In a new study, children and young adults covered by Medicaid or other government agencies were less likely to be alive five and 10 years after their cancer diagnosis than those with private insurance.
"Patients with Medicaid have less access to prim...
Loneliness can take a heavy toll on heart patients -- including a higher risk of death in the year after hospitalization, researchers found.
"This study confirms what has also been indicated in previous research regarding the serious health consequences of loneliness," said lead researcher Anne Vinggaard Christensen, of Copenhagen University Hospital in Denmark.
Patients aged 85 and older who have colon cancer surgery have high survival rates, a new study finds.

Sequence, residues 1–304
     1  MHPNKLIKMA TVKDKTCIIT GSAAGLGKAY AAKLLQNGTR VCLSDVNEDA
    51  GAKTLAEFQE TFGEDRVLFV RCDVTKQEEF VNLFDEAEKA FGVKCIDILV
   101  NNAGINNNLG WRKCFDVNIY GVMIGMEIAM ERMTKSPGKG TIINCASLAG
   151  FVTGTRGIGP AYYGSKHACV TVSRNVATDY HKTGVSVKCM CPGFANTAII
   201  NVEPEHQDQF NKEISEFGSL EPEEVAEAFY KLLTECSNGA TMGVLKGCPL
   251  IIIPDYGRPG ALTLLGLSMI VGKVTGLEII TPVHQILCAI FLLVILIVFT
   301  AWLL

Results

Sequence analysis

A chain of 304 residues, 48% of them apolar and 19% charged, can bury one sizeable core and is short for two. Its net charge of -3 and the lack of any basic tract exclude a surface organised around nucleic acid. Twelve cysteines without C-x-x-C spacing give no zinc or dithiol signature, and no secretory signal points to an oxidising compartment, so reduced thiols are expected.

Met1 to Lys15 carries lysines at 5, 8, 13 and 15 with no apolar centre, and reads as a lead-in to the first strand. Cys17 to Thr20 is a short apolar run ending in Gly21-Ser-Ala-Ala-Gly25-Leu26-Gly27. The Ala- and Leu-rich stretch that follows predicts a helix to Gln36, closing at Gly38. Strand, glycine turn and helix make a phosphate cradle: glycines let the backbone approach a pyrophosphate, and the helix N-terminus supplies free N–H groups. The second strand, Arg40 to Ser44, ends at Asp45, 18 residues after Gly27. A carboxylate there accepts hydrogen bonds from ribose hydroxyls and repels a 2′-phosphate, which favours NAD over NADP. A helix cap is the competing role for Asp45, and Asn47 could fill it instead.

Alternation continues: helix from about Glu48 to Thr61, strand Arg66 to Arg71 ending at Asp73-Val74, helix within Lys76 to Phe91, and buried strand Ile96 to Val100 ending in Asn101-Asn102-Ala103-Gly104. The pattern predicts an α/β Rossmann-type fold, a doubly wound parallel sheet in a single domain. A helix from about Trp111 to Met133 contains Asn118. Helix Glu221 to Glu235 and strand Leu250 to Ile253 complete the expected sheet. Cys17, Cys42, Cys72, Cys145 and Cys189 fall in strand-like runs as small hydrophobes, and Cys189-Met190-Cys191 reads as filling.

People are living longer, so more seniors are being diagnosed with colon cancer, according to the authors of a study presented Tuesday at a meeting of the American College of Surgeons, in San Francisco.
"Given the burden of colon cancer in this [age group], we were hoping to...
A drug that targets faulty gene repair may buy more time for some men with advanced prostate cancer, a new clinical trial finds.
Experts called the study "landmark," because it zeroed in on men with particular gene mutations that can be targeted with newer drug therapies. It's an approach that is already used in treating breast, ovarian and lung cancers.
Running contrary to current guidelines, new research suggests that use of hormone-suppressing treatment over the long term may not help some men battling recurrent prostate cancer, and may even cause harm.
In fact, the study found that long-term hormone therapy was tied to a raised risk of death from other causes for some patients who received it.